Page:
Events at Physics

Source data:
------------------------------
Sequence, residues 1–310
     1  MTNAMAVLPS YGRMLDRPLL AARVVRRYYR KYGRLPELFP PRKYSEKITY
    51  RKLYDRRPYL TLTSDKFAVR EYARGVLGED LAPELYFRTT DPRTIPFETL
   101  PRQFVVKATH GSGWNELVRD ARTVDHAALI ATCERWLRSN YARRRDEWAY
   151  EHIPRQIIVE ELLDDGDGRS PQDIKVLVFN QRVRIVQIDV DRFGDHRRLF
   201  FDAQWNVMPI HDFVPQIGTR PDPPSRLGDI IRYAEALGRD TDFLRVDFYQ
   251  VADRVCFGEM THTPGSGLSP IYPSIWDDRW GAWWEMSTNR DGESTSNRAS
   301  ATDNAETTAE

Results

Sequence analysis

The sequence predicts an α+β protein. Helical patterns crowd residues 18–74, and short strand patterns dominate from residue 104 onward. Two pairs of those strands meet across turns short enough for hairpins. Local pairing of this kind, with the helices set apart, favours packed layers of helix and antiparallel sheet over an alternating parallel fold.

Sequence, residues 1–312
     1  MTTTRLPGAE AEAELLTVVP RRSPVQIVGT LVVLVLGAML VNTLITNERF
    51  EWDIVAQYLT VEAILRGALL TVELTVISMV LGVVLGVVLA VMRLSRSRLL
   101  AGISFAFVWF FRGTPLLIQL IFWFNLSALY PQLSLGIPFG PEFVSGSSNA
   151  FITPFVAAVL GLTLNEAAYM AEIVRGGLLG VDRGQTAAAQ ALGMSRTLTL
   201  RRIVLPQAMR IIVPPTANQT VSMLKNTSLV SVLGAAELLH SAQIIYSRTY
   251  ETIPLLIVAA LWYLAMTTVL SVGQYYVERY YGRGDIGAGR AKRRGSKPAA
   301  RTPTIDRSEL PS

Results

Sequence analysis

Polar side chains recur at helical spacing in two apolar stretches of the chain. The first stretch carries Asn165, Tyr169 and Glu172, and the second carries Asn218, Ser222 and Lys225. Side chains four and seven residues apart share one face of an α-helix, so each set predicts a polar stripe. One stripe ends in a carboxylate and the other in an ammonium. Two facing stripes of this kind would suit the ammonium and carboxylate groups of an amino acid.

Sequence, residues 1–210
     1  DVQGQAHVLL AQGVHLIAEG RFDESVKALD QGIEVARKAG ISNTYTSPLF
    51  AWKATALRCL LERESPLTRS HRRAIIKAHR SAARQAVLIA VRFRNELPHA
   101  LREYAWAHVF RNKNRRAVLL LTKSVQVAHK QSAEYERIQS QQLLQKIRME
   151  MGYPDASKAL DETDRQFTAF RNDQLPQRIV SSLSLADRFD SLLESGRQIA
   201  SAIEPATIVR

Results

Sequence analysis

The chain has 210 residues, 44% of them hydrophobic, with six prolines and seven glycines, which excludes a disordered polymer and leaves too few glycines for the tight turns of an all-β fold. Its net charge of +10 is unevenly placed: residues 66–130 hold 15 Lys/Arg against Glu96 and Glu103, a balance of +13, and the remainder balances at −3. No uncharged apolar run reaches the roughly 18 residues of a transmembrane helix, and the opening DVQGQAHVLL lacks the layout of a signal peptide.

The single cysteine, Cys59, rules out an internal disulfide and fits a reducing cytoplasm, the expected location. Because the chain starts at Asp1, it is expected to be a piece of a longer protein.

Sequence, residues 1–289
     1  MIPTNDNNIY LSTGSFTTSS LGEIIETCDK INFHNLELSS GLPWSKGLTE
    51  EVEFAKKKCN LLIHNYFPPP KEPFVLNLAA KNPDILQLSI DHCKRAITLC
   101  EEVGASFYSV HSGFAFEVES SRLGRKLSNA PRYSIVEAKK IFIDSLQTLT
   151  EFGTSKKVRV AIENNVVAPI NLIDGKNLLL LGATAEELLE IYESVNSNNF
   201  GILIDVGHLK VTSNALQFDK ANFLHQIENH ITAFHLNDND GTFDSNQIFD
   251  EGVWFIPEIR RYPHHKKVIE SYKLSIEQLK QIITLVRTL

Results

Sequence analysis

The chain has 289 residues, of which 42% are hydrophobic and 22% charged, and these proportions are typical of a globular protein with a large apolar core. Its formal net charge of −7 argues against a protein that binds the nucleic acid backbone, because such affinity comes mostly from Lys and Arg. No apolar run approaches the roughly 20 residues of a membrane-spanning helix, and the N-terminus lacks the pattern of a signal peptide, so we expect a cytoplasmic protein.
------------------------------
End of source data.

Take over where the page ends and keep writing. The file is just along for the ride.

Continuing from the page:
formation; however, astronomy does not yet have a "first principles"theory of star formation. One of the most influential parametric descriptions of star formation is the so-called "Schmidt Law", which supposes that the rate of star formation is properly described as a power-law function of the local gas density. I will discuss the popular appeal of the Schmidt Law among galaxy modelers, as well as its observational and conceptual support. But I will then step back and adopt a philosophically-informed stance and make the case that the rather uncritical acceptance of this "law" for more than half a century thwarted a more straightforward, and physically more meaningful interpretation of the empirical data that is now in hand. Viewed and interpreted in the context of cyclical autocatalytic)reaction network I will present new data and new conclusions on the rate of star formation in galaxies deriving explicitly the timescales involved in the cyclical process of star formation and the efficiencies involved in converting gas into stars.